Station 22's drivers' jobs have become even more treacherous recently, Campbell said. The construction on U.S. Highway 78 has placed a median in the road, which means the driver can't pull into the oncoming lanes to get around a traffic jam. And the lanes are narrower, making driving a nine-foot-eight-inch-wide engine and especially a 10-foot-wide ladder truck more difficult.

"You need to use thought when you are driving these vehicles," said driver engineer Wes Garrett, who had the reins of the station's longer ladder truck. "Some people are more concerned with where they are going than an emergency."


While Martin blames driver distraction, Polite says one of the biggest issues for firefighters is traffic.

"We've come from a community that was very spread out, not so much any more," Polite said.

Amason, whose crew at Station 20 in Lawrenceville has to contend with Ga. Highway 316, said traffic can be a burden.

"The more traffic, the more people who move into the area, the more risk for everybody," he said. "It's stressful on the guys driving because it's so frustrating. As an officer, you have to make sure they are driving with their head and not their emotions."

In the past several years, the growth of Gwinnett's fire department has meant less experienced drivers are behind the wheels of the ambulances and fire engines. Combined with the traffic issues, Polite said the county will likely never completely eliminate incidents with emergency vehicles. But three years ago, he began breaking down statistics to find problem areas and tailor training to the issues.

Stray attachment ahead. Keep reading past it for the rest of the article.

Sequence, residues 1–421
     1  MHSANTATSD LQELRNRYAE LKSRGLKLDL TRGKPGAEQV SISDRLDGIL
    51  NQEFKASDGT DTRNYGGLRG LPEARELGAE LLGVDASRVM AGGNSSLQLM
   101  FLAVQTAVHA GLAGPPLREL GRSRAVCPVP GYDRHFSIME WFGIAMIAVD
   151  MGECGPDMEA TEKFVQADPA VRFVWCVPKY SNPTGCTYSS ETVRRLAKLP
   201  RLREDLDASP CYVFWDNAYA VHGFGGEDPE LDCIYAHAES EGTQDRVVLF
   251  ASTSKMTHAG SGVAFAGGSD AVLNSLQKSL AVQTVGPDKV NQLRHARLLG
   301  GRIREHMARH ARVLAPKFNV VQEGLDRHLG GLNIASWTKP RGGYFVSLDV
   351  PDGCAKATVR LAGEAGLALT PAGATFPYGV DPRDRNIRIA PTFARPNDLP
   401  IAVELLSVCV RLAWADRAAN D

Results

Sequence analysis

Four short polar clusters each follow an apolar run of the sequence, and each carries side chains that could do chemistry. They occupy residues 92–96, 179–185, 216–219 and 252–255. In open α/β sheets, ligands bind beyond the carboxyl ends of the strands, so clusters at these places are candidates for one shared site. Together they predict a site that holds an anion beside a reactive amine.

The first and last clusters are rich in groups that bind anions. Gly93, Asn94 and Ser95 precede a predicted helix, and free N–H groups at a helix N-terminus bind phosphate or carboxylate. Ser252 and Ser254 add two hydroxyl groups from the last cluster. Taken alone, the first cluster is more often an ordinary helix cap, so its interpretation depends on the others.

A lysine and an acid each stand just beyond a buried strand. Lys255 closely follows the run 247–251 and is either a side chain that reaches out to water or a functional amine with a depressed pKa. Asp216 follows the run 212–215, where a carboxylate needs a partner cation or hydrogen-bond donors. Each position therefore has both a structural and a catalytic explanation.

"Those lights and sirens are there for everyone else. We are still stopping at traffic signs," he said, adding that the county has a relatively low incident rate, since firefighters answer up to 100,000 calls a year. "We drive with due regard."

Sometimes, an incident with a firetruck can not only keep the crew from reaching an emergency, it can mean the need for more medical assistance.

Polite remembers a wreck when he was driving an ambulance years ago. With traffic stopped on Main Street in downtown Lilburn, Polite drove into the next lane. He saw a car coming toward him fast, but because of the traffic he had no where to go. He stopped the ambulance and put his hand out to brace his partner.

"They hit us pretty good," he said, saying the med unit was totaled and he never got to the emergency scene. "Even when you are doing the right things, stuff can happen."

Amason knows that all too well.

Twelve years ago, while the full-time Gwinnett firefighter was volunteering for the Barrow County department, he was driving down Ga. Highway 316 to a scene when a woman did a U-turn right in front of him.

He couldn't stop and the woman was killed in the wreck.

"You can tell people about it all the time. One split second of bad judgment, you aren't going to win if you get hit by a big truck," he said.

Amason said firefighters have it easier than police officers, who have faster cars and are smaller and harder for people to see. But because of the size of the vehicle, the responsibility is even greater.

"You've got to get there and it's dangerous," he said, adding that his own accident and the death of the woman weighs on him daily. "As much responsibility as we have, the general public has a responsibility, too. It's got to be a shared responsibility."

SideBar: By the numbers

Of 99 incidents in 2008

42 involved moving incidents

25 were when units were responding to a scene

20 were at a station

35 were on a street

12 were in a driveway

19 were in a parking lot

9 were on an interstate

1 other

3 unknown

13 were backing up

(9 with a back-up person outside)

29 incidents involved a stationary object

Of the 42 moving incidents

15 were on engines

16 were in vans and cars

3 were on ladder trucks

8 were on med units